NCAA delivers updated response to KU Athletics violation allegations

LAWRENCE, Kan. (WIBW) - The NCAA sent an updated response to Kansas Athletics' most recent rebuttal of the Notice of Allegations. Included in the NOA are several Level-I violations against the Jayhawks men's basketball team.

The main argument being contested is over responsibility.

All parties involved (the NCAA, KU Athletics, Bill Self, and assistant coach Kurtis Townsend) do not dispute that Adidas and its employees provided "at least $100,000" to three prospective men's basketball recruits. All parties also admit that Adidas and its employees regularly communicated with prospects about recruitment.

However, the NCAA enforcement staff says they differ with the KU on the assertion that Adidas and its employees are not representatives of the "institution's athletics interests." The response also said that Self and Townsend "embraced, welcomed and encouraged" Adidas representatives' "impermissible involvement."

The response included this remark saying:

"It is the overwhelming assessment of the Commission that the state of men's college basketball is deeply troubled. The levels of corruption and deception are now at a point that they threaten the very survival of the college game as we know it...We the commissioners believe that this is a final opportunity to turn the course of college basketball in the right direction. Every stakeholder will have to accept responsibility for what has happened in the past and commit to a new future if we are to succeed."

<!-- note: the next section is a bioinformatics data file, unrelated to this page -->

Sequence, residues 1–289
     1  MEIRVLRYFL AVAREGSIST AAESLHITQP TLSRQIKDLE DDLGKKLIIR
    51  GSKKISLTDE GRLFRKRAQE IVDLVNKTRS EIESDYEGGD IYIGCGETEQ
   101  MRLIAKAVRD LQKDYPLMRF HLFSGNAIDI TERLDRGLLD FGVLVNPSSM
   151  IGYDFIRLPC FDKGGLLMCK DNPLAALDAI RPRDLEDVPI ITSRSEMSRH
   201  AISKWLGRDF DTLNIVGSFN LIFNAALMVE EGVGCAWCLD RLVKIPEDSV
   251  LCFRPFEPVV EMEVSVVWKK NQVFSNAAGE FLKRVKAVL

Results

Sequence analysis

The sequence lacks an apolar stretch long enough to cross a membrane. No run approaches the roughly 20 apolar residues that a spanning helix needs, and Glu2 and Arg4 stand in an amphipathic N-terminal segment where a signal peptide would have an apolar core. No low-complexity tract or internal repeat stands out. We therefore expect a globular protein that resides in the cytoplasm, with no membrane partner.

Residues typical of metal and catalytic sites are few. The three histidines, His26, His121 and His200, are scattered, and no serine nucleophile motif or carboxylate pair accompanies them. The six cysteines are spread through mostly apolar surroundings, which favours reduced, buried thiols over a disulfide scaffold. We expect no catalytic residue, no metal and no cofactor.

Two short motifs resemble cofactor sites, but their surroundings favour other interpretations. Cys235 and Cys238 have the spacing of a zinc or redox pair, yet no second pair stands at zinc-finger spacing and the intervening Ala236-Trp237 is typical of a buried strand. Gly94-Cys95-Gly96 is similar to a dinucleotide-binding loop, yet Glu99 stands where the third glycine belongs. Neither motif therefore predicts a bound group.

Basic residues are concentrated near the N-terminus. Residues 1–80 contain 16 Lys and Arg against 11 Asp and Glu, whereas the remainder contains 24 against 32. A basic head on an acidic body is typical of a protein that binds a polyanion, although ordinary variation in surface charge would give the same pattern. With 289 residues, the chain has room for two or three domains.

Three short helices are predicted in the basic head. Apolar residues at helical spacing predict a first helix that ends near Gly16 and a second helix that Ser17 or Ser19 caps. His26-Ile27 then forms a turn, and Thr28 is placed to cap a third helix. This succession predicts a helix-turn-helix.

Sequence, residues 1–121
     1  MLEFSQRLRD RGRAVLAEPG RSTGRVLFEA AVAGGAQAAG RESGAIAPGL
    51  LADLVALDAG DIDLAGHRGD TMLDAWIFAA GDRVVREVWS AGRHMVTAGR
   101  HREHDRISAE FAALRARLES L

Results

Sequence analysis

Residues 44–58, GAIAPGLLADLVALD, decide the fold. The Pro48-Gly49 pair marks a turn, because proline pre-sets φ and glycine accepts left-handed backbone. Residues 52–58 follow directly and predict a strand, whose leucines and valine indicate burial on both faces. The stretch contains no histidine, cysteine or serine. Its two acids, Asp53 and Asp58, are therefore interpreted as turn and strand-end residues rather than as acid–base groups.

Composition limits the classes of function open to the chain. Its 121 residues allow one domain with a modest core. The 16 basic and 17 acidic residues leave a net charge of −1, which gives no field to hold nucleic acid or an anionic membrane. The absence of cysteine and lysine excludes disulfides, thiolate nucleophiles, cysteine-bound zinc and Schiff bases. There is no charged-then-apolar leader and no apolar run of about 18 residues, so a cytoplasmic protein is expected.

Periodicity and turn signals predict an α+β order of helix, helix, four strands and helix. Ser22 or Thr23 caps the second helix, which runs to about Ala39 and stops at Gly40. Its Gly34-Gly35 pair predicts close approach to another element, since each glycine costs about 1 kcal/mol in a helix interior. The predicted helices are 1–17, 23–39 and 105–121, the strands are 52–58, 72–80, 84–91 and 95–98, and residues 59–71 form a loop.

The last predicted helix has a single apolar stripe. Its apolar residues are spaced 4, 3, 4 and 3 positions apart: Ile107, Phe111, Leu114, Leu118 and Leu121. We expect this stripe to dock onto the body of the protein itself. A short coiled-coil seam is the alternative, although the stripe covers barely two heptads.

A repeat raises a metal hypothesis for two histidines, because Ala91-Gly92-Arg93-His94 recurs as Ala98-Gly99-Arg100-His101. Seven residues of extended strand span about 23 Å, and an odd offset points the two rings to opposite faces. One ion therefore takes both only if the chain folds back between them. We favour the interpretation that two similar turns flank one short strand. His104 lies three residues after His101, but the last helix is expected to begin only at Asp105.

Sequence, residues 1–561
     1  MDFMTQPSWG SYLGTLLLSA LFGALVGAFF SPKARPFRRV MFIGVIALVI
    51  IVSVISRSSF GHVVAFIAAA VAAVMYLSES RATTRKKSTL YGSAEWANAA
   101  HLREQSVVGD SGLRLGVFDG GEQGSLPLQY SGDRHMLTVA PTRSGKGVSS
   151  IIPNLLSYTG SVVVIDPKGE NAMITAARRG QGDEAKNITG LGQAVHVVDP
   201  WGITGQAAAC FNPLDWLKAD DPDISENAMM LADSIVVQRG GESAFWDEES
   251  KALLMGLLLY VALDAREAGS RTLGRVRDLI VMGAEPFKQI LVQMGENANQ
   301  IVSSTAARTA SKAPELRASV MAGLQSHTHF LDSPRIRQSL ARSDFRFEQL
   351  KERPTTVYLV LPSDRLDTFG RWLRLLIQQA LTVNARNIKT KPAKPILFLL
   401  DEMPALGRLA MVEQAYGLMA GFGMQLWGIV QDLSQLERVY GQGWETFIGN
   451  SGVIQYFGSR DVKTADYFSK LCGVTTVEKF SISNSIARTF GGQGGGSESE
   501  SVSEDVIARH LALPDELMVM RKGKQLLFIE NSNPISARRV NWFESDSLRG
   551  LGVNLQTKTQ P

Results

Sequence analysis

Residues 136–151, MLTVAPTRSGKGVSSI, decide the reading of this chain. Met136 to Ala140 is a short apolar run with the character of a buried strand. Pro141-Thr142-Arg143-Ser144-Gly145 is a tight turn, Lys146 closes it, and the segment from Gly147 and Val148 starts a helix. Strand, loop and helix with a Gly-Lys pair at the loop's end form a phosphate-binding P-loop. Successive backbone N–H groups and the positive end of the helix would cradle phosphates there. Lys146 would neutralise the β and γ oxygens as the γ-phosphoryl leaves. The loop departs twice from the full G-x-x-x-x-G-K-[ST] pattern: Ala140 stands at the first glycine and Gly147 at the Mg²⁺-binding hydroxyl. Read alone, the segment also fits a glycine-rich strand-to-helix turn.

KU Athletics released this response to the NCAA's reply.

“The NCAA enforcement staff’s reply does not in any way change the University of Kansas’ position that the allegations brought against our men’s basketball program are simply baseless and littered with false representations. As the federal trial proved, adidas employees intentionally concealed impermissible payments from the University and its coaching staff. The University has never denied these impermissible payments were made. For the NCAA enforcement staff to allege that the University should be held responsible for these payments is a distortion of the facts and a gross misapplication of NCAA Bylaws and case precedent. In addition, the enforcement staff’s assertion that KU refuses to accept responsibility is wrong. The University absolutely would accept responsibility if it believed that violations had occurred, as we have demonstrated with other self-reported infractions. Chancellor Girod, Jeff Long and KU stand firmly behind Coach Self, his staff and our men’s basketball program, as well as our robust compliance program.”

The full reply can be accessed here.

This is a developing story and information will continue to be updated as it becomes clear. Continue to follow WIBW for details.